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The Color Blind Society: Whiteness as the Default Standard

In California, Proposition 54 forbids the government from classifying people on the basis of race, ethnicity, color or national origin in public employment, contracting, education and numerous other situations. Under the guise of moving our nation to a colorblind society that facilitates antidiscrimination, recent polls suggest that a majority of voters in California support the initiative. The proposition is the brainchild of Wa

rd Connerly, an African American regent at the University of California who also led the fight to ban affirmative action in California. The fact that I have identified Mr. Connerly as a Black man violates the philosophy of his initiative.

This is a truly dangerous and frightening proposition because it will prove to have precisely the opposite effect; perpetuate and create greater disparities in our society. It will undermine accountability for civil rights violations (hate crimes, discrimination in the workplace and biased racial profiling), health care disparities, racial/ethnic disease patterns important for medical treatments, educational inequities, etc.

As a psychologist, I continue to be mystified by how difficult it is for many to see the falsehoods of the color-blind society. In 1997, for example, I participated in a Congressional briefing and testified before President Clinton's Race Advisory Board about the myth of the color-blind society and its detrimental consequences to racial minorities. The result was an outcry from some who watched the C-Span program accusing me of being a racist of a different color and of supporting "preferential treatment" for minorities. From disparaging comments to actual threats on my life, I left that experience knowing that I had pushed powerful buttons in the psyche of many White Americans. Why, I asked myself, did people react so strongly to my research? Could it be that I had touched a raw nerve that threatened their illusions of equal access and opportunity?

When originally formulated, the concept of a color-blind society was seen as the answer to discrimination and prejudice: Dr. Martin Luther King, for example, advocated judging people not by the color of their skin, but by their internal character. Proponents of this concept, unfortunately, have failed to understand a basic assumption made by Dr. King; such an approach has meaning only if we operate on a level playing field where equal access and opportunity exists for all groups. This condition does not currently exist in our society! How else would you account for the following statistics? While White Euro-American males constitute only 33 percent of the population, they occupy approximately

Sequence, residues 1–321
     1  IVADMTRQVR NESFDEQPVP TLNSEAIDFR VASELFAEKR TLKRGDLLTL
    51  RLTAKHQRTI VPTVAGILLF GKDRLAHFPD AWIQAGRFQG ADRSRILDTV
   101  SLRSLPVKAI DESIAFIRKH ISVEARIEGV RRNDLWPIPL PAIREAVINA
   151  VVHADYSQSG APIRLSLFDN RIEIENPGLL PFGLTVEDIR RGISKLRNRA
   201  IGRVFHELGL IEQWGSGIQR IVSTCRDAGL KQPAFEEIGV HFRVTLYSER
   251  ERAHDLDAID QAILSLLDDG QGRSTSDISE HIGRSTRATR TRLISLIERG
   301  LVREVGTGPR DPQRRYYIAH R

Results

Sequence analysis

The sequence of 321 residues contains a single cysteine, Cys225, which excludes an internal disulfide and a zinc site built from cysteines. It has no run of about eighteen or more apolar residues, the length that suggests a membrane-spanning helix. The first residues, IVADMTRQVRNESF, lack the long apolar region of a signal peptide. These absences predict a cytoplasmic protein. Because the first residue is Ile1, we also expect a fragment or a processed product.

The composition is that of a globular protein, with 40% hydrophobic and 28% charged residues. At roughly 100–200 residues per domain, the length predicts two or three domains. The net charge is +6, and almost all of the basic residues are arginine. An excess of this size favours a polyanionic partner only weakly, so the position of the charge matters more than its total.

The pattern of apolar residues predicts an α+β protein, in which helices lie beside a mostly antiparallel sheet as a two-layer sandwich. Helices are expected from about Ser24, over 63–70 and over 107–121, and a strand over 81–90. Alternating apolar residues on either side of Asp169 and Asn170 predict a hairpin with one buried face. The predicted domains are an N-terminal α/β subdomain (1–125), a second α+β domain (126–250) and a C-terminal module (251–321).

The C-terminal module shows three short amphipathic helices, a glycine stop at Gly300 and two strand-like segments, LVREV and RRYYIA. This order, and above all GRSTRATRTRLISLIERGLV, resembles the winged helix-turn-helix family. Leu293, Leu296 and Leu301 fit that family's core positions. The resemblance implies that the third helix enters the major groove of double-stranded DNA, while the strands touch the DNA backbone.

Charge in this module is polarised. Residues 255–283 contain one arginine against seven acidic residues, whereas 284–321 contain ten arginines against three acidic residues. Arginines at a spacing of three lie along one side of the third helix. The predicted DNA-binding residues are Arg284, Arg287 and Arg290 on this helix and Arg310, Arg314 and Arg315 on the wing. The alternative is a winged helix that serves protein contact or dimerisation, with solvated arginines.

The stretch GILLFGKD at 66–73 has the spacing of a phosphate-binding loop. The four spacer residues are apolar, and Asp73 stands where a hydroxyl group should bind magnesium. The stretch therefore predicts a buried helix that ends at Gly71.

• 80 percent of tenured positions in higher education
  • 80 percent of the House of Representatives
  • 84 percent of the U. S. Senate
  • 92 percent of the Forbes 400 executive CEO-level positions
  • 99.9 percent of athletic team owners
  • 100 percent of U.S. Presidents

What is glaring about this picture can be pinpointed by asking several simple questions: Where are the persons of color? Where are the women? Do these facts indicate we have a level playing field? Would these statistics even exist to gauge civil rights progress if we implement proposition 54?

I have come to realize that color blindness uses "whiteness" as the default key and mimics the norms of fairness, justice, and equity by "whiting" out differences and perpetuating the belief in sameness and equality. The denial of power imbalance, unearned privilege, and racial discrimination is couched in the rhetoric of equal treatment and equal opportunity. The pretense of not seeing color is motivated by self deception. To be colorblind not only denies the central importance of racial differences in the psychological experience of minorities (racism and discrimination), but also allows the White person to deny how his or her whiteness intrudes upon the person of color.

White teachers, for example, frequently admonish their African American students to "leave your cultural baggage at home and don't bring it into the classroom". They have little awareness that they bring their whiteness into the classroom and operate from a predominantly white ethnocentric perspective. I wonder how they would react if I was to say "Why don't you leave your white cultural baggage at home when teaching?"

In preparation for a documentary on "The Invisibility of Whiteness", I asked White strangers in the middle of downtown San Francisco the following question. "What does it mean to be white?" Many respondents were baffled by the question, said they did not understand, or that they had never thought about it. Others became angry and defensive, thought I was accusing them of being racist or bigoted, and found the question insulting. Still others denied being white by saying "I'm not white; I'm Irish, Italian, German, etc." When probed further for the source of their discomfort, they frequently made statements like "people are people", "we are all the same under the skin" or "we are all Americans". There was a clear desire to eliminate or dilute race differences.

I have come to understand the hidden meaning associated with the deception of whiteness as a universal identity. The invisible veil of whiteness inundates the definitions of a "human being", being "just a person", and being an "American". The underlying message from our society is that a human being is White!

Being a colorblind society will only harm our society. Until we have a level playing field, being a color-conscious society, oddly enough, will work toward correcting current and future inequities in our nation.

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